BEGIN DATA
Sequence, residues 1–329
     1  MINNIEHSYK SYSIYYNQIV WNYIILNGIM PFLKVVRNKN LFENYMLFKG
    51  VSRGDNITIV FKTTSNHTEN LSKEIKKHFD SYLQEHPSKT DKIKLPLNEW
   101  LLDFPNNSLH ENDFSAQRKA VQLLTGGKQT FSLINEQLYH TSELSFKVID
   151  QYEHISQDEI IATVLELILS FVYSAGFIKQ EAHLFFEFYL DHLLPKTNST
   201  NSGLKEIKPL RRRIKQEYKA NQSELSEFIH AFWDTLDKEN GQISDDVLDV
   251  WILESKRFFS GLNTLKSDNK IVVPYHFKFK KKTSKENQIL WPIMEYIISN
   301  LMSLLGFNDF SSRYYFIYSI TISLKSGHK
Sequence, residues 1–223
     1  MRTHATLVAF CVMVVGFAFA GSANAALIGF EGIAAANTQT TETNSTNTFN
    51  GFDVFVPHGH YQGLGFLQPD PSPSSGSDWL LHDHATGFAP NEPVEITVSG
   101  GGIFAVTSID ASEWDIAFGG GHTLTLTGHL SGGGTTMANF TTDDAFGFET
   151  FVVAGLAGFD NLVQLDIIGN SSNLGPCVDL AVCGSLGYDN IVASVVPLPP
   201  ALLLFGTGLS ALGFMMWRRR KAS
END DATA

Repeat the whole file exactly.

Sequence, residues 1–329
     1  MINNIEHSYK SYSIYYNQIV WNYIILNGIM PFLKVVRNKN LFENYMLFKG
    51  VSRGDNITIV FKTTSNHTEN LSKEIKKHFD SYLQEHPSKT DKIKLPLNEW
   101  LLDFPNNSLH ENDFSAQRKA VQLLTGGKQT FSLINEQLYH TSELSFKVID
   151  QYEHISQDEI IATVLELILS FVYSAGFIKQ EAHLFFEFYL DHLLPKTNST
   201  NSGLKEIKPL RRRIKQEYKA NQSELSEFIH AFWDTLDKEN GQISDDVLDV
   251  WILESKRFFS GLNTLKSDNK IVVPYHFKFK KKTSKENQIL WPIMEYIISN
   301  LMSLLGFNDF SSRYYFIYSI TISLKSGHK
Sequence, residues 1–223
     1  MRTHATLVAF CVMVVGFAFA GSANAALIGF EGIAAANTQT TETNSTNTFN
    51  GFDVFVPHGH YQGLGFLQPD PSPSSGSDWL LHDHATGFAP NEPVEITVSG
   101  GGIFAVTSID ASEWDIAFGG GHTLTLTGHL SGGGTTMANF TTDDAFGFET
   151  FVVAGLAGFD NLVQLDIIGN SSNLGPCVDL AVCGSLGYDN IVASVVPLPP
   201  ALLLFGTGLS ALGFMMWRRR KAS